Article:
Pubdate: Tue, 05 Apr 2016
Source: Appeal-Democrat (Marysville, CA)
Copyright: 2016 Appeal-Democrat


Our survey on what area residents hope supervisor candidates discuss 
this election season was open online through the month of March and 
drew 204 responses. Here are some demographic breakdowns:

By age: The 31-50 group was represented by 88 responses; the 51-65 
group supplied 73 responses. The rest were divvied up in the 
remaining three age groups - those 20 and younger had only 4 responses.

By household income: Those making more than $100,000 supplied 30 
percent of the responses; and it stair-stepped backward from there. 
Those making $70,000 to $100,000 supplied 42 percent. Those making 
$25,000 or less had 15 responses.

By place of residence: More than 37 percent of respondents said they 
live in rural Yuba County; 23 percent live in an urban area of Yuba 
County; 26 percent said they live in urban Sutter county; 10 percent 
live in rural Sutter County.

Posted: Monday, April 4, 2016 8:14 pm | Updated: 8:15 pm, Mon Apr 4, 2016.

Candidates for county supervisor positions might do well to discuss 
marijuana cultivation, but they probably shouldn't let that 
conversation eclipse other issues.

In an online poll conducted by the Appeal-Democrat, about 70 percent 
of all respondents said it was an important issue for candidates to 
discuss, but more people said this issue was unimportant than they 
did any of the other issues, including economic development, public 
safety, land use and more.

Just more than 200 Sutter and Yuba residents participated in the 
unscientific survey. We were asking them to consider what they think 
it is important for supervisor candidates to discuss leading up to 
elections and asked them to rate several topics: unimportant; not too 
important; important; and highest priority. We also allowed 
respondents to comment on each issue, and to suggest other issues.

The first question was: "How important, to you, is the issue of 
regulation of marijuana cultivation?" We did not ask whether they 
were for or against harsher penalties or more relaxed regulation -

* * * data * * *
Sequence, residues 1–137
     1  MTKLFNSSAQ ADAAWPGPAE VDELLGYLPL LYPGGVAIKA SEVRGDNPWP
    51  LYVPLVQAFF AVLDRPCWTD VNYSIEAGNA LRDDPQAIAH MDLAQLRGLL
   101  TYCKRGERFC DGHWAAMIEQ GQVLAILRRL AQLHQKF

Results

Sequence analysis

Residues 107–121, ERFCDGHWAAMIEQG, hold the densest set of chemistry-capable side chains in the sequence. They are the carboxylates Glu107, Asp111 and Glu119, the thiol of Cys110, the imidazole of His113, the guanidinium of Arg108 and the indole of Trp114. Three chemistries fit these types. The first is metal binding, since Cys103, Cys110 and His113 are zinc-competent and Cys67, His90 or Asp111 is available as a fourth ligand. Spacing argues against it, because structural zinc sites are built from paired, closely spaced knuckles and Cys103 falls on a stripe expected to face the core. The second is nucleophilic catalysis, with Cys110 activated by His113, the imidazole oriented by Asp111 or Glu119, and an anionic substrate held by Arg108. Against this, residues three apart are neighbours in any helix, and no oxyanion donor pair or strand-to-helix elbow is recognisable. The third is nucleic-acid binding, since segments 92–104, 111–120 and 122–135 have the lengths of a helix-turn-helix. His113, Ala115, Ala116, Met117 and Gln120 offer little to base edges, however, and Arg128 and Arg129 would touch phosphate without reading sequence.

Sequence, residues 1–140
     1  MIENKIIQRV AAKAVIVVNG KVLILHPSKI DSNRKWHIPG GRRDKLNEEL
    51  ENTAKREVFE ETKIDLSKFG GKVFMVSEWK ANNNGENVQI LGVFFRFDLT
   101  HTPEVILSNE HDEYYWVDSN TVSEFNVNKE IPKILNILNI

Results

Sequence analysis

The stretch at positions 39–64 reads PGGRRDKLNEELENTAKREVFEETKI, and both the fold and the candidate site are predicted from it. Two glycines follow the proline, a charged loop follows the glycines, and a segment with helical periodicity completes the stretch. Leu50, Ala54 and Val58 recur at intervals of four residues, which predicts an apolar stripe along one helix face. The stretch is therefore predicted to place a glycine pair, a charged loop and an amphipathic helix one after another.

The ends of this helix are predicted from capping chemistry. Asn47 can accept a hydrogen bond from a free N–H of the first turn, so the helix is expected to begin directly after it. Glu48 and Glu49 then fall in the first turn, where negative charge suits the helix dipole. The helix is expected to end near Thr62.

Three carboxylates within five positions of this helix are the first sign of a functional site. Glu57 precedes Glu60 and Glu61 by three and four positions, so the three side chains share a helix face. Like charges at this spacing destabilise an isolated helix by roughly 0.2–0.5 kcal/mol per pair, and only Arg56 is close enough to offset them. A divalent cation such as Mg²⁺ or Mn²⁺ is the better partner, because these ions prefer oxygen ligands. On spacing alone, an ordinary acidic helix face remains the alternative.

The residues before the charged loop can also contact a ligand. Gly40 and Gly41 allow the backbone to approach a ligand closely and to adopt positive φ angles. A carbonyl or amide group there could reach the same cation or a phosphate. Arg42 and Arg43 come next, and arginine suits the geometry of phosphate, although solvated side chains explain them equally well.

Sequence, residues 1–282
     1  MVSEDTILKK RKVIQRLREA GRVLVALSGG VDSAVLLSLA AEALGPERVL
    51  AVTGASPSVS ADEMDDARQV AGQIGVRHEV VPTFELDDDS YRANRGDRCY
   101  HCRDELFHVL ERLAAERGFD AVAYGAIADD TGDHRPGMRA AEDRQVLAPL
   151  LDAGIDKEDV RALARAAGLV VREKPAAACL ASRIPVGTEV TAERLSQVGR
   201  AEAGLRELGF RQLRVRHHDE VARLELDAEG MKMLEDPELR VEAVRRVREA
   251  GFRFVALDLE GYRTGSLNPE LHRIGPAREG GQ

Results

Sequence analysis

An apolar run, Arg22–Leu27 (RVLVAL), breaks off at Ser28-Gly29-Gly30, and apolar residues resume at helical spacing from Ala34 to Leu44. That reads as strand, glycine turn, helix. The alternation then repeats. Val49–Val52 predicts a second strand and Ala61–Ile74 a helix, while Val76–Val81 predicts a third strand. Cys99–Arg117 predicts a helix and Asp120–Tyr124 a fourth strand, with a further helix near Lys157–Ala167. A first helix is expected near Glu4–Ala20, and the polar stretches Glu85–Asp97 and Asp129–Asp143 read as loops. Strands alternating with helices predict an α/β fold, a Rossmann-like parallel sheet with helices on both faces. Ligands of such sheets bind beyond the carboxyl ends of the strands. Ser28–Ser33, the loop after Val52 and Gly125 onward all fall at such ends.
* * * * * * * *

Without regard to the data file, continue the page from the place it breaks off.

only if the topic was important or not.

The topic was least important for the 31-50 age group (65 percent 
said it was important or highest priority). It grew in importance 
going up in age.

And by residence, not surprisingly, it was rural residents in either 
county who thought it was most important - 75 percent in rural Yuba 
County; 80 percent in rural Sutter County (though there was a much 
lower number of rural Sutter County respondents).

The topic was more important, percentage-wise, as household incomes dropped.

There were 81 comments made and it seemed like a fairly even split 
between those who might favor harsher or more lax regulation. A sampling:

With a history of often being the poorest county in the state, and 
agricultural receipts being the top earner, Yuba County should 
support jobs, farmers, and allow legal, regulated cannabis growing.

The "growers" in my neighborhood have been taking from the land and 
water and contributing nothing back - I no longer feel safe walking 
my dogs by their property as they have come out to question my 
presence in my neighborhood. ... I would say the new growers I have 
had contact with are not neighborly, community-minded folks - they are scary.

I don't believe there should be commercial grows in communities. 
However, I also believe if a homeowner desires to grow a reasonable 
amount. "No more than two plants, period."

Current ban and enforcement is wildly extreme to appease a small 
number of residents. We need something everyone can live with and 
stops our "new neighbors" from clearing off the tops of hills to 
plant their 100-plus fields.

As long as it's not causing crime and not around schools it shouldn't 
be a problem.

We need to make our area safe. Too many home invasions, killings not 
solved. Innocent people will be killed.

It's extremely important for patients to be able to grow their own. 
The county's grow ordinance is a complete slap in the face to people 
who use cannabis to treat their medical issues.

Treat it as any other agricultural activity, including all required 
licenses, permits, reports, EPA notices, water regulations, and so forth.
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MAP posted-by: Jay Bergstrom